4. Stop/go games
5. Symmetrical Shapes
The voice inside
I have worked with many children who are speech delayed. I have felt their frustration, as they struggle to express or sometimes just sit quietly without reaction. Going through my mind is a constant question- What can I do to draw out their voice, what will cause a spark of reaction? How can I open the door to connection and communication?
Reaching the voice of the child with special needs takes continual attention through repetition, patience, humor and most of all giving the children the motivation to want to communicate. Whether the child is struggling with language, physical challenges, processing issues, I have found that there are ways to achieve those small successes in communication that open the door slightly, enough for you to allow communication to grow. Once that focus is established, the child can be led to new accomplishments and new patterns.
1. Movement and Music are key
The LeapSmart adapted movement program is one way to reach these children. The body's natural response to rhythm, melody, color, pleasure in movement, gives children a range of opportunities to connect. Without verbal communication, children can connect via, visual, auditory, or physical communication. As I work with these children I pay close attention to what appeals to them and with that spark I can begin to establish communication.
2. Small Successes via Imagery
Sometimes it is through images, that a child can be reached. For example, repeating the choo-choo sound while making the shoulders move up and down connects movement to sound to image and may lead to successful imitation and repetition.
Blowing up an imaginary balloon using breath may be the beginning of sound making for the child who doesn’t speak. Then saying pop: popping simultaneously with a clap provides a visual and auditory jolt that is like an alarm clock going off. It is an enjoyable shock for the child as it provides the explosive ending to the activity and feels satisfying.
Simple activities like these are small successes for the child and raise confidence while also promoting group awareness if done with others.
3. Scarves to swirl
It is important to use broad vibrant strokes to get the attention of the child visually. Often children who have visual impairments need basic large movements such bright scarves moved up and down are easy to see and the flowing motion is attractive to children. Encouraging a child to sign or use words to ask for a prop such as a scarf, results in instant gratification: a scarf of their own to move and touch.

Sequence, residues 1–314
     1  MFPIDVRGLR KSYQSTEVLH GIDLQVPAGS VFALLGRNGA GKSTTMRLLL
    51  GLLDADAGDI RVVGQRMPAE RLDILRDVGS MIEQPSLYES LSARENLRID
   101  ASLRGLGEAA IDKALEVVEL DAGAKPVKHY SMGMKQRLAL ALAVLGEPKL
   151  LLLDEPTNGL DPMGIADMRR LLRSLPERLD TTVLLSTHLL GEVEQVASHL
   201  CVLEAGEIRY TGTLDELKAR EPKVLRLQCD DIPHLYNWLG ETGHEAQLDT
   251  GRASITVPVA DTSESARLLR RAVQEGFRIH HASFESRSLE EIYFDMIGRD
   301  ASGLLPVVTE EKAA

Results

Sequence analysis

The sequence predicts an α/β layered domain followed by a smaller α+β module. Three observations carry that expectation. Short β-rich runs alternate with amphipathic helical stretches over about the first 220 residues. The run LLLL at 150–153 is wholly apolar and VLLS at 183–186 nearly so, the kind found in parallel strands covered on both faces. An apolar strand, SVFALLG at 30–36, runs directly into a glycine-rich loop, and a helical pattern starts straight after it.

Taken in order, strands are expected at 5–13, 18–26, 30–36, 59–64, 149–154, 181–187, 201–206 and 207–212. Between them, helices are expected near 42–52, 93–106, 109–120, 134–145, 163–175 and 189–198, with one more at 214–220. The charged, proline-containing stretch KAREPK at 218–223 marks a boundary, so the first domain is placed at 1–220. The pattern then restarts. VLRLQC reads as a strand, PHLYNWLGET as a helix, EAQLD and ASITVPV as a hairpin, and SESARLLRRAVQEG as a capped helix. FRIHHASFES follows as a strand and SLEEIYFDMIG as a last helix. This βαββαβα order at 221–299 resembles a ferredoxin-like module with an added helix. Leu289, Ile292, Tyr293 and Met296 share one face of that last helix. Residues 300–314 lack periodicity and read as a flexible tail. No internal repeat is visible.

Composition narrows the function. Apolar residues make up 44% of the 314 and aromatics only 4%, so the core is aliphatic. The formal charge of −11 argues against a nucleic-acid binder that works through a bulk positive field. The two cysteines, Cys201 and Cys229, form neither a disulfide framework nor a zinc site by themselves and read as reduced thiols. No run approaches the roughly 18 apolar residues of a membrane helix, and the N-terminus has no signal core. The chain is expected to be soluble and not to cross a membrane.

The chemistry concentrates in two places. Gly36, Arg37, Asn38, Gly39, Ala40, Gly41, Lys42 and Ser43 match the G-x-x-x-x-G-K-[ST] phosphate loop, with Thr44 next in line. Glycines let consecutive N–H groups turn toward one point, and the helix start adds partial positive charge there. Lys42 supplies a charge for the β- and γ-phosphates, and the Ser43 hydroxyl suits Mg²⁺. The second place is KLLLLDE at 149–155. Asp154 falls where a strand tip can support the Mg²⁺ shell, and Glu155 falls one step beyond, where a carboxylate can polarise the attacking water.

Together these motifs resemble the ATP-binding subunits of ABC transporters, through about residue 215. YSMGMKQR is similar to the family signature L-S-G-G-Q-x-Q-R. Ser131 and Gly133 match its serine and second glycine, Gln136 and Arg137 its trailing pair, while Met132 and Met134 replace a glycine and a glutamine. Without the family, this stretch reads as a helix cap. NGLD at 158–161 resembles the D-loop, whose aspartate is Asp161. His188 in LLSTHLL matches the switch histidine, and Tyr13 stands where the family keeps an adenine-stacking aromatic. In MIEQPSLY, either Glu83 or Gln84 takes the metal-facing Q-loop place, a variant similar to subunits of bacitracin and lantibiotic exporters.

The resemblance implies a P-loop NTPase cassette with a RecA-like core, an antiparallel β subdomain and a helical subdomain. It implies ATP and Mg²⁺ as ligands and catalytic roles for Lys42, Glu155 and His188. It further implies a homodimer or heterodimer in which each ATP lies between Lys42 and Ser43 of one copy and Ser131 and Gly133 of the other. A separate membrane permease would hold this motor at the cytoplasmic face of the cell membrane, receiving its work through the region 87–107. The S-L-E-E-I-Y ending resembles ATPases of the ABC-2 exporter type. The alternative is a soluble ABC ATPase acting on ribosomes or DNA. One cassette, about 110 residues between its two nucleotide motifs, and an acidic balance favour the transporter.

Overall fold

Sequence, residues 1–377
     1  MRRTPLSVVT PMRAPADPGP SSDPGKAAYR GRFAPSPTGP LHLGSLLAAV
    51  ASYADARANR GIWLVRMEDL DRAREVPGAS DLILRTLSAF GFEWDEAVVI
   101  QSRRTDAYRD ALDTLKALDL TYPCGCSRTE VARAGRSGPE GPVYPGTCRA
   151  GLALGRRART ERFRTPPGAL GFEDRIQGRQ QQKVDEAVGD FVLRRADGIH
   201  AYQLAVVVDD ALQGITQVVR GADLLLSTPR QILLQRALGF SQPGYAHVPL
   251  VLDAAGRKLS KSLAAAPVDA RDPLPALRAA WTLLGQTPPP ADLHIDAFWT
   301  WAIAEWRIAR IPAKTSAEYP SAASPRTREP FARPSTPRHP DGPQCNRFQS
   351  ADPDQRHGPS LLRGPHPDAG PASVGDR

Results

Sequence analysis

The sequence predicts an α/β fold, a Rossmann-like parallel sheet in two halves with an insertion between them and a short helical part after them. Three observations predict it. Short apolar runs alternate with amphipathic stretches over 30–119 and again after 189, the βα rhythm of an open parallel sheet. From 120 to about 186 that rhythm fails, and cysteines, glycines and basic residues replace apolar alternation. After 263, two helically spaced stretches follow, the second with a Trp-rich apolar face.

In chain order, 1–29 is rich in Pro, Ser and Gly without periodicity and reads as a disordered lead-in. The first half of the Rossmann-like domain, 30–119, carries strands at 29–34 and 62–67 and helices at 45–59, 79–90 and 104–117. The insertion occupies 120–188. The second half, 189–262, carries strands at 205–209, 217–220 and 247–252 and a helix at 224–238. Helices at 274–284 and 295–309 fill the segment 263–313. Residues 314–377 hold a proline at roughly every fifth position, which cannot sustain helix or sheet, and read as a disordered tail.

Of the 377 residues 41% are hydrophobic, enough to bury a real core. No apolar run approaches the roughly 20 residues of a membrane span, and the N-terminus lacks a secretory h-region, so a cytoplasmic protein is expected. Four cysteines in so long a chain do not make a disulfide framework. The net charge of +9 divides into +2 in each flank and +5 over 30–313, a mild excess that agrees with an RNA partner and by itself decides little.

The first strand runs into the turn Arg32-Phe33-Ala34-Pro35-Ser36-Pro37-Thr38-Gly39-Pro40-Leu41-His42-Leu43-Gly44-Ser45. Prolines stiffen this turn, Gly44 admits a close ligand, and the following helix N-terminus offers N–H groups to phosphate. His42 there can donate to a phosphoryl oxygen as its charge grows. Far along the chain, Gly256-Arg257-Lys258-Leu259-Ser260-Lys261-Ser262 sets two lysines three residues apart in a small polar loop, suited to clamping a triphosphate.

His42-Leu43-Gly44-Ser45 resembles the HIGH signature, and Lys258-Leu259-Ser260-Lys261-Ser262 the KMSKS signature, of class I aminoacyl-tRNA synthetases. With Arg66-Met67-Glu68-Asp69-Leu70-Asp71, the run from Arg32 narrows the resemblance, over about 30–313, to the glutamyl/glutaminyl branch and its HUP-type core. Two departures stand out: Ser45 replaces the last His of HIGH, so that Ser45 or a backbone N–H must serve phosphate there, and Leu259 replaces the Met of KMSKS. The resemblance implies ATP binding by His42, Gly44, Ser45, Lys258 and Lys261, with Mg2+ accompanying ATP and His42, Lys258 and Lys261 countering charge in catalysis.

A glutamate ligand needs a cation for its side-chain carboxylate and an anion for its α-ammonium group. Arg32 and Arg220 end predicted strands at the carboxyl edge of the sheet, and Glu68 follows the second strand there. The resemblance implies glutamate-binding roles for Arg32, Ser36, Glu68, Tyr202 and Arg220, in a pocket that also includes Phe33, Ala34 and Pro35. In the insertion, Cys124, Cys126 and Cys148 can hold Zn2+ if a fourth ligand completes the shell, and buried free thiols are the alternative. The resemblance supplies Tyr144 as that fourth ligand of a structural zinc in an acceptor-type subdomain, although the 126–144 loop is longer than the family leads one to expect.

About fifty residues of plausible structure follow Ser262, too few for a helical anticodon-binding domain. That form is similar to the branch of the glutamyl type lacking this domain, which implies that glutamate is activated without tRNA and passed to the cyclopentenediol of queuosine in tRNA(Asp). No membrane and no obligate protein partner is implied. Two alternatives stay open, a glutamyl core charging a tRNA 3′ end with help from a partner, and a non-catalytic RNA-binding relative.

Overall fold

4. Stop and Go
While I am always sensitive to those children who get overwhelmed with sound, I have found most children are drawn to music. Using the on/off activity to correspond to stillness and movement is another great way to promote listening skills and learn self-control. Praise for stopping is important as praise for moving and a skilled creative teacher knows how to use music to provide the backbone for learning spatial skills, body awareness and experiencing a group connection. I have found that usually the joy of physical response to music and the pleasure it promotes as well as the positive reactions of those around him, will inspire the child to do more.
5. The Joy of symmetry
How telling is the body when it comes to reflecting the mind. A focus on symmetrical sitting, creates a neutral and balanced place to begin moving from so my classes always start with sitting centered on the spine and doing movements such as clapping, doing body isolations to learning how to hold the lower body in one place while twisting holding a hoop, and moving a scarf across the midline.
Look what I can do!! is the cry I hear when I enter the classroom as the children proudly show me how they can push up in the “cobra pose”, borrowed from yoga or the bridge pose. Most children need to improve upper body strength and pushing up on two arms is a great way to do this. This is a huge milestone in a child’s feeling of strength, power, and unity of the body.
Don’t be afraid of moving the child, helping, lifting and manipulating limbs into place in order to help the child move more fully, coordinated and with balance and strength. Even children with limited motion can become involved, enjoying, the feeling of movement at their own level.
Opening up the child’s “voice” through these movement activities is a huge step for a special needs child and reinforces their sense of who they are and how they can interact with the world around them.